Telecommunications Act of 1996

(redirected from 1996 Telecommunications Act)
Also found in: Financial.

Telecommunications Act of 1996

Telecommunications legislation passed by the U.S. Congress in 1996. Although it covers many aspects of the field, the most controversial has been the deregulation of local phone service, allowing competition in this arena for the first time. Long-distance carriers (IXCs) and cable TV companies can get into the local phone business, while local telcos (the LECs) can get into long distance. Some of the major provisions follow.

Section 251 - Allows states to regulate prices in the local access market.

Section 254 - Extends universal service to everyone no matter how rural, even if others have to subsidize the expense. See traffic pumping.

Section 271 - Provides a 14-point checklist of requirements for RBOCs to offer intrastate long-distance service.

It Wasn't a Picnic


The RBOCs thought the Act would be a road map for getting into long distance in exchange for ending their local monopolies. What they got were 700 pages of dubious rules that made "deregulating" as complicated as any regulated industry could be. The RBOCs claimed that the Act discriminated against them and that other large telephone companies received more favorable treatment. Complaints and lawsuits ensued.

The Act required that the RBOCs offer competitors access to their local networks at reasonable rates, but both the Supreme Court (1999) and appeals court (2002) said that the FCC should not be deciding how the RBOCs should foster their own competition by unbundling their network services. In 2003, the FCC decided not to force the RBOCs into leasing high-speed lines to competitors. In March 2004, the appeals court upheld that ruling and also overturned a ruling that required the RBOCs to give wireless companies access to their networks. The 2004 rulings were applauded by the RBOCs.
Mentioned in ?
References in periodicals archive ?
During the Clinton administration, along with the help of a Republican-dominated Congress, the visionary 1996 Telecommunications Act declared it "the policy of the United States" that internet service providers and websites be "unfettered by Federal or State regulation.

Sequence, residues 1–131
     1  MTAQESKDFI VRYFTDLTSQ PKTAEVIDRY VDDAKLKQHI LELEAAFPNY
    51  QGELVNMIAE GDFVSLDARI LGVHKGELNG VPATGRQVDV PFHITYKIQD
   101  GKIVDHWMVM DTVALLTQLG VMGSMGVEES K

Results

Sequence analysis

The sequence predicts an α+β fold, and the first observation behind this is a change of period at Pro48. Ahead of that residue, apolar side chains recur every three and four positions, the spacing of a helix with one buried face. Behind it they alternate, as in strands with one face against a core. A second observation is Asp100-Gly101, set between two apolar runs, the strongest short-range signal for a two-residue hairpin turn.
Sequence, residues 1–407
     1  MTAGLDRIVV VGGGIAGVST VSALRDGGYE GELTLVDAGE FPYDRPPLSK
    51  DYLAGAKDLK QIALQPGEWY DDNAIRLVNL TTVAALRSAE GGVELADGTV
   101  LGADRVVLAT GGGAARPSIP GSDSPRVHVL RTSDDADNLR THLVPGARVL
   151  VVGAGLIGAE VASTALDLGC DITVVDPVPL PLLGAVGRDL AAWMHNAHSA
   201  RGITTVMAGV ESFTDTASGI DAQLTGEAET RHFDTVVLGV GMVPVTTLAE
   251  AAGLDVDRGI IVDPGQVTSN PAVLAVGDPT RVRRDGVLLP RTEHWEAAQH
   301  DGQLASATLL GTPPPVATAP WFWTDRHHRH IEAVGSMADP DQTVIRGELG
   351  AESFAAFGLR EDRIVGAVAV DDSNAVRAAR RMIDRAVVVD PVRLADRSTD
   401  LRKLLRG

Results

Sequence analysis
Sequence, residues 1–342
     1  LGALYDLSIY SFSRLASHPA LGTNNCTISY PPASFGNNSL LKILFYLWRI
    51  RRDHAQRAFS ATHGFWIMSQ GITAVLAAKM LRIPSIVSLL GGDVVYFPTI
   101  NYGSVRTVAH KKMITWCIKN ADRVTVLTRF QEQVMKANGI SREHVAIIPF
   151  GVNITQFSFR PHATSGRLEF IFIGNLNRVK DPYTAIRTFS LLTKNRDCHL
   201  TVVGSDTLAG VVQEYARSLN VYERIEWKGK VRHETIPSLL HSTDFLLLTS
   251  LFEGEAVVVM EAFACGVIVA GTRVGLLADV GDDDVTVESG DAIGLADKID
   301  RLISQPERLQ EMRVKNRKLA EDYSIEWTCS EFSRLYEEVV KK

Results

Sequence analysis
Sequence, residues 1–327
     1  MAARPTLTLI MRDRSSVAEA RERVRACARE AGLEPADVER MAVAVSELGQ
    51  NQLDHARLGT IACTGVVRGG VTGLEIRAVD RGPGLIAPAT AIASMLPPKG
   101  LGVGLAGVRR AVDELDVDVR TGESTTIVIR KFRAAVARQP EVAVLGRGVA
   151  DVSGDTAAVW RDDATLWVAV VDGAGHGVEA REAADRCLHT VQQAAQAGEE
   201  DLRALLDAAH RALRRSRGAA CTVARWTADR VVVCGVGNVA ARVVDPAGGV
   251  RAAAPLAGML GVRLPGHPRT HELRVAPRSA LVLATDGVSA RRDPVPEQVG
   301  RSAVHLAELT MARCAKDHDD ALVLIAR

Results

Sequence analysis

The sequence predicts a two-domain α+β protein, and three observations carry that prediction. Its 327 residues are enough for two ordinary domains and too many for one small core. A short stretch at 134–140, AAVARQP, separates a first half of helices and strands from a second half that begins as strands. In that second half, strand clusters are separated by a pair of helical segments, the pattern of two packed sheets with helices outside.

The passage of the Minority Tax Certificate in 1978 led to an increase of African American ownership; however, when Congress repealed it in 1995 and replaced it with the 1996 Telecommunications Act, the number of minority-owned broadcast facilities decreased by 40%.
The person looking up an acronym was looking up a fact, but the person skimming the Wikipedia article on the 1996 Telecommunications Act was ingesting knowledge, not just facts; she very likely wanted to understand what the Act was about, not get a list of dates and bullet points.
1996 Telecommunications Act prompts media consolidation.
After years of focusing policy discussions on the pending reauthorization of the 1996 Telecommunications Act, the Information Technology and Communications (ITC) Steering Committee recently reviewed three timely, close-to-home technology issues that have an impact on municipalities.
Under the 1996 Telecommunications Act, cable rates are unregulated, except for the bare-bones basic package.
Crandall (economic studies, Brookings Institution) describes developments in the US telecommunications sector since the passage of the 1996 telecommunications act.
As the article explains, while the makeup of Congress changed little with the elections, 2005 promises to be a year to watch, as many in the industry, and on Capitol Hill, are gearing up for a rewrite of the 1996 Telecommunications Act.
She focused on the impending rewrite of the 1996 Telecommunications Act.
The decision came in a series of cases involving the Missouri Municipal League, which argued that the 1996 Telecommunications Act says states may not prohibit any entity from offering local phone service.
The 1996 Telecommunications Act requires incumbent local phone companies (ILECs) to wholesale their networks to entrants (CLECs) at regulated rates.
We welcome competition, but we lose more than $15 per line under rates determined when the 1996 Telecommunications Act was put in place," said Carrie Hightman, president, SBC Illinois.